If we are what we eat, then we are human history itself. Food is not a mere act of nutritional consumption - it is science, migration, art, religion, math, and more - all rolled into a crispy samosa.
Strewn along the world's many trade routes and ports were bustling caravanserais, or traveler's inns, where stories and dinners were shared with fellow merchants and wanderers alike. Though very few of these caravanserais exist today, fortunately, many of us wanderers still do. On my own journeys, I've joined forces and spoons with companies like Nooshtube, Dinner Lab, and RumiSpice,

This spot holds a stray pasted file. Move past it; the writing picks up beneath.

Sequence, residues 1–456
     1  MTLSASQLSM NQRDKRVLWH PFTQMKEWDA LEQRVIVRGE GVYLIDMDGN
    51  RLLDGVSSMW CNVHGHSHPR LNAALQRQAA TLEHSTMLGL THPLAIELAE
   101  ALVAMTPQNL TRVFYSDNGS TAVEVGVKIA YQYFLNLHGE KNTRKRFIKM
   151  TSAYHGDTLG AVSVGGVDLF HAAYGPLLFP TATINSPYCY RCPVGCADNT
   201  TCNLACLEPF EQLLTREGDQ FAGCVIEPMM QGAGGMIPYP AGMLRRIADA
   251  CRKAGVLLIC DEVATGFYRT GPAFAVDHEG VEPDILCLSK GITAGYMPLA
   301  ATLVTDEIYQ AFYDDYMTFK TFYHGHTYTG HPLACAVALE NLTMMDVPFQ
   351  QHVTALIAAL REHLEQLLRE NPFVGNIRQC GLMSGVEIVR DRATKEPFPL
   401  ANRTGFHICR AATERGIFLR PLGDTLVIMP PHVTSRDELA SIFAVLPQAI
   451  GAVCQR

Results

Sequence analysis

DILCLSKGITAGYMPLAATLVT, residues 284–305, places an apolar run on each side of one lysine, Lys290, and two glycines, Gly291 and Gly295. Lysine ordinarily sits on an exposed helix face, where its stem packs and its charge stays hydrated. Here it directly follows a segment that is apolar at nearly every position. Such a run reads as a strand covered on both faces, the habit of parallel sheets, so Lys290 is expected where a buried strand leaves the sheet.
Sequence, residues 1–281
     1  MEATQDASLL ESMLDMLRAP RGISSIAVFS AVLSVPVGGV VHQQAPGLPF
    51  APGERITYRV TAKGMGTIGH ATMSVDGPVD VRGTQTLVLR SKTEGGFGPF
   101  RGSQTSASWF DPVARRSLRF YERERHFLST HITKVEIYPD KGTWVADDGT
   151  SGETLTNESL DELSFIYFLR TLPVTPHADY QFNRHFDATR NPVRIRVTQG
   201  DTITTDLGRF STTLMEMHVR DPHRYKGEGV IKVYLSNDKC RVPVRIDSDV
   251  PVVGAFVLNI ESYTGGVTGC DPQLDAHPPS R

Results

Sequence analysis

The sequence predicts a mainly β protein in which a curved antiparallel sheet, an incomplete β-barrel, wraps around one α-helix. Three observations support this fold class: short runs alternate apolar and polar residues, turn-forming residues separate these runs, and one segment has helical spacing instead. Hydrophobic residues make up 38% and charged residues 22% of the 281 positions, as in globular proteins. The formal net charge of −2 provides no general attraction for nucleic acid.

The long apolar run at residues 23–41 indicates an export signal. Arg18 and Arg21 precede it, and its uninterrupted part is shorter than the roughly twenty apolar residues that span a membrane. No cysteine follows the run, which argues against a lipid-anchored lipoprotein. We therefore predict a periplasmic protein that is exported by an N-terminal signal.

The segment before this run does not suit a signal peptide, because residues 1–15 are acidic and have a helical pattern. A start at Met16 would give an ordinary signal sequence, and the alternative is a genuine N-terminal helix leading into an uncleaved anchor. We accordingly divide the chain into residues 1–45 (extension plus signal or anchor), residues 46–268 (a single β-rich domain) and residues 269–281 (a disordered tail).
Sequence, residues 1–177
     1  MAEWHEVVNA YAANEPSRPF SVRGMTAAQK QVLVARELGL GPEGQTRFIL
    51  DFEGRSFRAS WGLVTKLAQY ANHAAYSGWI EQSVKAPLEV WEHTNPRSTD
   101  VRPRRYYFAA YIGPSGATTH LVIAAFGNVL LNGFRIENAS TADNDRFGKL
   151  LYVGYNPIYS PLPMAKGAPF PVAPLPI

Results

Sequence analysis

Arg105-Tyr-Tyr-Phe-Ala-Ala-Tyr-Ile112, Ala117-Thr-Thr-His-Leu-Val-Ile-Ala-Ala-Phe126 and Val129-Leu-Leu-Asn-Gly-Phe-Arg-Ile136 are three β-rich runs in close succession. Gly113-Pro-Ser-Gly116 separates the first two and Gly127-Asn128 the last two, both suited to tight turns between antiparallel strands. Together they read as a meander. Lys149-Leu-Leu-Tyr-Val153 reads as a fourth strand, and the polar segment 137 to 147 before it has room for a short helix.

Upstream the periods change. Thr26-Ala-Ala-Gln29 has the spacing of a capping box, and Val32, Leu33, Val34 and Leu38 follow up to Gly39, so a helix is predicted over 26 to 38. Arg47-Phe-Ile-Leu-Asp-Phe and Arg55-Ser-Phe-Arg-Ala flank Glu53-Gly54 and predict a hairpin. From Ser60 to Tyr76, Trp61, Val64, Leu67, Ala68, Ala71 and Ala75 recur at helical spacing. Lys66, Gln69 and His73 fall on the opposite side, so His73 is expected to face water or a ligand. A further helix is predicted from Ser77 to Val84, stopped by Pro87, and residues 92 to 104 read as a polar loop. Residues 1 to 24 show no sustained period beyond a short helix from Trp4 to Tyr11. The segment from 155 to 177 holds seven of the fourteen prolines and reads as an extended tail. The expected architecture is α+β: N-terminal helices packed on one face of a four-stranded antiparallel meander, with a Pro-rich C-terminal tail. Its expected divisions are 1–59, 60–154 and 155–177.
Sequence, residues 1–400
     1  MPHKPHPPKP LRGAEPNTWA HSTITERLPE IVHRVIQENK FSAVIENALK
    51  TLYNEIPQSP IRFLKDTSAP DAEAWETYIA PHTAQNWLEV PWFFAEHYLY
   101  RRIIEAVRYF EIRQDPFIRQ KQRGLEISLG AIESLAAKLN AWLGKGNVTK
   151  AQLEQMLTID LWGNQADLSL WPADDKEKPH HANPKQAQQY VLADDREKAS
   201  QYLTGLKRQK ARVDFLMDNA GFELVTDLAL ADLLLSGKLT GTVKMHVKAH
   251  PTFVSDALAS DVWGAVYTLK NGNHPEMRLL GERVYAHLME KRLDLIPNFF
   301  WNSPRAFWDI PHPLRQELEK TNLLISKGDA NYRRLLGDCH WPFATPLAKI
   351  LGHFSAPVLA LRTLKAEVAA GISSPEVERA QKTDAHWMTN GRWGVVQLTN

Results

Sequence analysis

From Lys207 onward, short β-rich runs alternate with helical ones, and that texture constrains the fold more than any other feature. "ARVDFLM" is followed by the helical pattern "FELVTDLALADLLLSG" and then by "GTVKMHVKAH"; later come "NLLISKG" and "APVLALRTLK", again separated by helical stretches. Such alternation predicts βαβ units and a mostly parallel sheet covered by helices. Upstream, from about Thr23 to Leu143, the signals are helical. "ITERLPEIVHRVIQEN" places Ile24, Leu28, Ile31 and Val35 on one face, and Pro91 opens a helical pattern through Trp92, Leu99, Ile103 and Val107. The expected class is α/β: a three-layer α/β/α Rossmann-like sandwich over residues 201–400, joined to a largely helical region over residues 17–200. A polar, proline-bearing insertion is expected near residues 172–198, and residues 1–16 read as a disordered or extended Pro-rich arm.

to give family, friends, and perfect strangers a taste of the caravanserai experience.
I've always feared single portion recipes or 'servings for two'. You see, I grew up with pots and pans that cooked for a minimum of 15 people - and that's just for a normal dinner at home.
That would be my election slogan if I were ever to run for the commander of the world.
I started cooking the Thanksgiving feast when I was in seventh grade (I burned the turkey - picture proof will soon be provided). It soon became a tradition that I would cook for my 40+ family members an array of dishes that represented the countries I traveled to. Very American of us.
... and then some global food-frolicking
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